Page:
Without a political network of his own, Putin surrounded himself with those he most felt he could trust in order to implement his vision of the “power vertical” — the hierarchical structure that would impose the Kremlin’s stamp across this vast country.

“He himself brought five people with him, each of these in turn brought five others, and each of these 25 brought still others. There is a snowball effect, and the president no longer controls the process,” Kryshtanovskaya noted.

… Military and intelligence men are particularly concentrated in the higher echelons of power, making up 58 per cent of the total, with the regional elite, federal inspection agencies (30 per cent) and ministries also showing high proportions of “siloviki.”

The Dawn of Putin

The Pressure Cooker is On and the Lid is Clamped Tight

Most of Russia’s insider elite has grown accustomed to an easy life where its members can do as they choose almost anywhere in the world, as long as they did not challenge Putin’s final authority. But Putin’s Ukraine miscalculation is bringing repercussions to the Russian economy — and to the insider elite — which they had not been counting on, just weeks ago.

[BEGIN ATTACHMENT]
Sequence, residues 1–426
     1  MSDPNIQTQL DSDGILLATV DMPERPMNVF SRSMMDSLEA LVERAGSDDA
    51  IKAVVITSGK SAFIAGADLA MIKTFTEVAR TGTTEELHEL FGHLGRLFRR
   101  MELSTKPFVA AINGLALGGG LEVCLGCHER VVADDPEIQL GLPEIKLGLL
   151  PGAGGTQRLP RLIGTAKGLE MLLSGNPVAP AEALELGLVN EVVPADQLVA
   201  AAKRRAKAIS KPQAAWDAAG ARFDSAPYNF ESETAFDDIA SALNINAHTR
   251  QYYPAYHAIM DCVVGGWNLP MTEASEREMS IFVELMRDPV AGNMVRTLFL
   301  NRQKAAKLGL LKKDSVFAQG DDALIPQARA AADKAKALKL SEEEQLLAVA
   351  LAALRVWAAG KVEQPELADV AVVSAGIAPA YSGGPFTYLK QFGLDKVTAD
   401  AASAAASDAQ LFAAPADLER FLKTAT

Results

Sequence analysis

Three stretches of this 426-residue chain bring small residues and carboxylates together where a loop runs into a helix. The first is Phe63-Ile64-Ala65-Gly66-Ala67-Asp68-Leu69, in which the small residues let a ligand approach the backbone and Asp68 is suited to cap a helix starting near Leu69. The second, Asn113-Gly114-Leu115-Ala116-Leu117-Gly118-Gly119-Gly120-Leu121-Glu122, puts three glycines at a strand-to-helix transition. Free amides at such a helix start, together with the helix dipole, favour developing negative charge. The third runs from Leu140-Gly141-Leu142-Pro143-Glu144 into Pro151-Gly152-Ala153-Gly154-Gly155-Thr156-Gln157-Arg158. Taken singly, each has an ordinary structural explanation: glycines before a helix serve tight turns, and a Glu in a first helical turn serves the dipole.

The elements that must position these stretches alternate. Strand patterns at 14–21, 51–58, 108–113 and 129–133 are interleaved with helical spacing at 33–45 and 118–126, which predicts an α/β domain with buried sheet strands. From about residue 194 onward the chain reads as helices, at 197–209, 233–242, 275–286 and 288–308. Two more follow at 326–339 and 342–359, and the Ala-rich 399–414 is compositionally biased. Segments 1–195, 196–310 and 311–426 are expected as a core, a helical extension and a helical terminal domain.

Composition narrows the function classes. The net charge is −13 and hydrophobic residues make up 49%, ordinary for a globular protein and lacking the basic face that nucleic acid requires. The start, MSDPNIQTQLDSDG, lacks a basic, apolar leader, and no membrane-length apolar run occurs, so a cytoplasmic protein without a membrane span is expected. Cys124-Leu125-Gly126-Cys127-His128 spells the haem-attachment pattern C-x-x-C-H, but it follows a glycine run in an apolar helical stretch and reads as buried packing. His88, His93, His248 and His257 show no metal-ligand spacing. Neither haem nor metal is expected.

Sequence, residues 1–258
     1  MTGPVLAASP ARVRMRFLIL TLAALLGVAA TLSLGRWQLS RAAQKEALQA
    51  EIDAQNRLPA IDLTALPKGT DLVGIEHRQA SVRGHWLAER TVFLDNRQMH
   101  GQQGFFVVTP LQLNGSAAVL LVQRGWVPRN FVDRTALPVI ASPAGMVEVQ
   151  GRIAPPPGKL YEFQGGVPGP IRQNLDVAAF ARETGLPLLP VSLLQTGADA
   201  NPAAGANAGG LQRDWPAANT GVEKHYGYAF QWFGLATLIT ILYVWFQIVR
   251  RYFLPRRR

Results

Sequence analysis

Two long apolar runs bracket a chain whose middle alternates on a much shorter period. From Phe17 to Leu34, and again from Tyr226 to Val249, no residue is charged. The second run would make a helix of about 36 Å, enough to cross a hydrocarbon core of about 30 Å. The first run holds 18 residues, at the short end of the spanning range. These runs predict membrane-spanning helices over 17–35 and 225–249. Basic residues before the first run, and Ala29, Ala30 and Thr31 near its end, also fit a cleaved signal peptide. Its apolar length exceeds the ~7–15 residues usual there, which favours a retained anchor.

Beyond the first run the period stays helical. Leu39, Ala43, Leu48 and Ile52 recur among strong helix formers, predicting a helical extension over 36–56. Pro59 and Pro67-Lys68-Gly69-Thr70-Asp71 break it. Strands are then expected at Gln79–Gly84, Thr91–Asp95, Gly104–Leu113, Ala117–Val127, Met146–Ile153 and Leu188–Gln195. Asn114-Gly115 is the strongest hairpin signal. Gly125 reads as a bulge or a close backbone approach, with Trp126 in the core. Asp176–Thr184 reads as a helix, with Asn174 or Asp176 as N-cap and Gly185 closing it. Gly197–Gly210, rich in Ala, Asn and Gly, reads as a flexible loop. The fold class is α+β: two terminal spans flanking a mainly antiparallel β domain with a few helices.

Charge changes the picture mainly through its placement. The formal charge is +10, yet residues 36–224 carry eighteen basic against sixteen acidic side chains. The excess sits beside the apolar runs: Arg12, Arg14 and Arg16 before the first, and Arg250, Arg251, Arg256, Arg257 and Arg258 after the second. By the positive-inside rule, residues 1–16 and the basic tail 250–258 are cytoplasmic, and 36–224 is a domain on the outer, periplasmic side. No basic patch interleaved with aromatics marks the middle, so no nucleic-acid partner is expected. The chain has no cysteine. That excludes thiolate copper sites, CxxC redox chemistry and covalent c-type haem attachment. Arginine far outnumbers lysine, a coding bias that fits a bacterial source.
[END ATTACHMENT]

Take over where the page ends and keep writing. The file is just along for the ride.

Now the pie is getting smaller, and their own pieces smaller yet. To more and more Russian insiders, Putin is starting to look like a greater liability.

In Ukraine, ordinary Russian soldiers are threatening to come home to Russia and “take Putin out!”

Putin’s troops branded one particular airstrike on a maternity hospital “the most perverse f***ing form of neo-Nazism”.

And soldiers have since warned their warmongering leader he “won’t hide this for long”, adding “we all will be judged”.

One reconnaissance officer, Vladimir, told an international media briefing this week: “I want to tell our commander-in-chief to stop terror acts in Ukraine because when we come back we’ll rise against him.”

Another officer at the same event told Putin: “You won’t hide this for long. There are many like us here. Sooner or later, we’ll come home.”

Russian casualties continue to rise. Putin will not be able to hide the truth from Russia for much longer.